It is May, and it is hot. After months of unusual spring coolness, it is HOT, and it makes me feel as if it should be July already -- I'm a born Portlander, conditioned to only expect heat for two months of the year. It should be harvest time.
But instead of harvesting, I'm still planting, setting out some of my tiny tomato starts (far healthier than I imagined they'd be, what with my half-dozen inexpert mistakes, the foremost of which was leaving them where the chickens could climb on them), pushing carrot seeds into a box prepared in February, trying to salvage peas ravaged by my mama chicken, who likes pea shoots too. I'm proud of my little red winter kale plants, so delicious the boys and I can eat them right out of the garden; and my chervil, planted from seed with only one false start and beginning to thrive (in a just-getting-going way). Amazingly, yesterday, I discovered that (despite my fears and certainty) I did NOT lose the two packets of 'Purple Passion' asparagus seeds I planted in March. I thought the shoots must have been eaten by Gilda when suddenly one day I went out and saw a dozen or more miniature asparagus seedlings, first dark lavendar, then brightly, brilliantly green. The boys and I protected them with little galvanized metal plant ID tags, carefully scraping out the cast-of-thousands-of-weeds which had been taking lusty enjoyment in my "ultra-fertile strip" meant to nurture the baby asparagi.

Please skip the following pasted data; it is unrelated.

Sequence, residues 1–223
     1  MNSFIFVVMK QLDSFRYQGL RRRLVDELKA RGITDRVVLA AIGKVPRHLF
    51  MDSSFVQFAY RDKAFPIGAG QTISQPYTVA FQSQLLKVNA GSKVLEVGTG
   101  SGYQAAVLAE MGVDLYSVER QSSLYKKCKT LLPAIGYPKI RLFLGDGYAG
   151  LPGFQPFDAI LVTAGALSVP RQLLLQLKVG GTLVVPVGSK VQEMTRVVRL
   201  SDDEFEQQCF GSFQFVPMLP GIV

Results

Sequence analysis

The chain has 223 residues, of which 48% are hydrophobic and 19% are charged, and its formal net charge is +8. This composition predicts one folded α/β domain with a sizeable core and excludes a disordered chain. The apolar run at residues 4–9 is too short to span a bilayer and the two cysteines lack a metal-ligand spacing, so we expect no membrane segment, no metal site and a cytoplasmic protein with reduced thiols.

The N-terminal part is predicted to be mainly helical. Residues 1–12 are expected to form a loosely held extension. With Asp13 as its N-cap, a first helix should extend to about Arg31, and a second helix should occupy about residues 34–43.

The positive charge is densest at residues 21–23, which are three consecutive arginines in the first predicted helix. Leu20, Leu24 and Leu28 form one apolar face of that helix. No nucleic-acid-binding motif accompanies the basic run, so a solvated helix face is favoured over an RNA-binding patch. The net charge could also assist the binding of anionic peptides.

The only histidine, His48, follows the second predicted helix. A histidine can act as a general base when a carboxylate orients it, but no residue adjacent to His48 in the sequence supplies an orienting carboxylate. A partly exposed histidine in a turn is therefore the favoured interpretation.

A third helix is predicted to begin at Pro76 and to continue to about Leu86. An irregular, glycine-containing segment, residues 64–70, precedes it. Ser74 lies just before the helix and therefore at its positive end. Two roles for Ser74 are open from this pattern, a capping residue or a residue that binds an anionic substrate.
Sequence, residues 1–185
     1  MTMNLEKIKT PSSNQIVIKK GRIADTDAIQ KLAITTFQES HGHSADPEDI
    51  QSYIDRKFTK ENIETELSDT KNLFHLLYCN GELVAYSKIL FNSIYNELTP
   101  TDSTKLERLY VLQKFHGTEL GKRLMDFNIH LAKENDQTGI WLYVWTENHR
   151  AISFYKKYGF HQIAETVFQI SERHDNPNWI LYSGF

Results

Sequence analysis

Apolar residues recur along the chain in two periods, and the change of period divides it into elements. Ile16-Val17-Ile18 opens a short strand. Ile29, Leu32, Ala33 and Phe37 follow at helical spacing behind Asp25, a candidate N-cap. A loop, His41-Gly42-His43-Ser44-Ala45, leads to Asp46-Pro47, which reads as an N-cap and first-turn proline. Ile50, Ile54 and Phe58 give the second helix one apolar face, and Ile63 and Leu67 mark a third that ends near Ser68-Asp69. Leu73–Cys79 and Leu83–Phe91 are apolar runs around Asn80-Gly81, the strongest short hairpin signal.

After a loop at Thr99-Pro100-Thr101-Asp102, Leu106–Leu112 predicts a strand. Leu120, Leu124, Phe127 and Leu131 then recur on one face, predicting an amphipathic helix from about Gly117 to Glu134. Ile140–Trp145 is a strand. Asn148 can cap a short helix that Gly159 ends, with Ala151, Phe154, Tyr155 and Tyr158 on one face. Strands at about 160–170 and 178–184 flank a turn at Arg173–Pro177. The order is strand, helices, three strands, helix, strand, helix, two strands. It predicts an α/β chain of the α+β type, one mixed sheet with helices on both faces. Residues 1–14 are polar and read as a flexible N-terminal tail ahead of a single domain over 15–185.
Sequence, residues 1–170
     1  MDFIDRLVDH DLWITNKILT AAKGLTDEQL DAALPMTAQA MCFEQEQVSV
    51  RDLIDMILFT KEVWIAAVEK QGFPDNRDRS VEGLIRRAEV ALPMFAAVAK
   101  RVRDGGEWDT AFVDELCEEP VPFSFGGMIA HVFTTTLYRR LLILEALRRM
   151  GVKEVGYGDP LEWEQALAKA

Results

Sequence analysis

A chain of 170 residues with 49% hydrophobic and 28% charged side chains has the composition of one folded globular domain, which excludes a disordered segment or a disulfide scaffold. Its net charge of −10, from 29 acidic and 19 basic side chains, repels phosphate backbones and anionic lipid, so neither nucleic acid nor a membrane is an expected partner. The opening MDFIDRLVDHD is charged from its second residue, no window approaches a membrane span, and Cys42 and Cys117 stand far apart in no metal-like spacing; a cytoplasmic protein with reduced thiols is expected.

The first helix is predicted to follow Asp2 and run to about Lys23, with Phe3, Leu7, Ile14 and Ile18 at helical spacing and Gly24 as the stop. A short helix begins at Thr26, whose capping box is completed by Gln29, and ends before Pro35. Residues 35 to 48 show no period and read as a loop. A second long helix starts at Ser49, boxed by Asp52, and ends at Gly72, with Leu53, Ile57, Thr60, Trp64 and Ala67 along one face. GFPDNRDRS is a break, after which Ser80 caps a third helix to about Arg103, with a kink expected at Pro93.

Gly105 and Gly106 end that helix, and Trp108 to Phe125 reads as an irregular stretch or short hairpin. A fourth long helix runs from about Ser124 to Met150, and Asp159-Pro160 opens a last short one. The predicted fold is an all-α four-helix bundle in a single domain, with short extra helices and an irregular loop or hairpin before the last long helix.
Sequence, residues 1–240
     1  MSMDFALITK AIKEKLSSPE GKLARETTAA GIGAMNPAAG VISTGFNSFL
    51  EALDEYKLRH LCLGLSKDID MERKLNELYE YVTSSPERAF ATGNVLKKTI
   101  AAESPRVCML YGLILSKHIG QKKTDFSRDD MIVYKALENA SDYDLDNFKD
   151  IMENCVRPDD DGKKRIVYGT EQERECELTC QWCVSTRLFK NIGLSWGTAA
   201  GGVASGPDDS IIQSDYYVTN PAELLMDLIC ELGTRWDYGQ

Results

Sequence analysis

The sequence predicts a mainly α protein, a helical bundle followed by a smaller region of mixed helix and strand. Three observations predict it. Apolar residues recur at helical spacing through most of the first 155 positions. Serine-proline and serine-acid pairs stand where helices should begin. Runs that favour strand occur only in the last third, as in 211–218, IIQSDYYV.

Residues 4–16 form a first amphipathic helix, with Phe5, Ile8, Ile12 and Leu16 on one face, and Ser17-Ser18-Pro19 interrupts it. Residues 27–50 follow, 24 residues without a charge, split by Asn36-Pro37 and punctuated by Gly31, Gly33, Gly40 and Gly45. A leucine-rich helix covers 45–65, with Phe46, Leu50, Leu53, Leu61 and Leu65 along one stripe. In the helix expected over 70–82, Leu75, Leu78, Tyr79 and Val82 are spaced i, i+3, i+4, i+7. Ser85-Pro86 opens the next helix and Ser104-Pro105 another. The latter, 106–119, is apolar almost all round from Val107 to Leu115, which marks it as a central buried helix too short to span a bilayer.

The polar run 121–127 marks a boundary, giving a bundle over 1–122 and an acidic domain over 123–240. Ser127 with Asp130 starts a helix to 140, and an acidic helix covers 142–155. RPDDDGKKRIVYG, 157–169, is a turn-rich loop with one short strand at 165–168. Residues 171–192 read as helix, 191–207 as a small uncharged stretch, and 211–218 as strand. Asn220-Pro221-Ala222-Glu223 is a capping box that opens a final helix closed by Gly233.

There are tiny lettuces, too, and blossoms billowing on my blueberries. I am struck by the delicate gorgeous blueberry flowers, all different and uniquely lovely, I tell myself that if I was prone to grand, wasteful luxuries I would demand enormous bouquets of blueberry blossoms and dark dark lilacs. The raspberries near the boys' sandbox are so bountiful I must tie them back from overwhelming the dumptrucks and tractors. Despite my fears about the late cold snap and the beating one of our grapes took last summer, three different grape vines (Steuben, Muller-Thurgau, ) are now sending out brave, glad leaves where once where little dormant nubs. Strawberry plants, whose leaves are shiny and huge and green, are blooming in their odd spots around my haphazard garden. There is watercress pushing up its fat flat leaves in a damp spot I'm creating. The eggplant and cayenne pepper plants Everett insisted upon aren't entirely dying. My artichokes are doing what the spiny plants throughout Portland are doing, too, erupting into dinosaur-like volcanoes of prickly leaves. I can't wait.
I should have planted broccoli raab, collard greens, early lettuce and peas, more kale, overwintering vegetables, I should be harvesting green garlic and baby leeks and little tender beets and salads galore. But I did not have it together this spring, overwhelmed by a needy hungry baby and an unwell husband and a job that was suffering from my chaotic mind, too many weekends put off by rain or cold or tantrums. Or maybe it was just a lack of confidence in myself.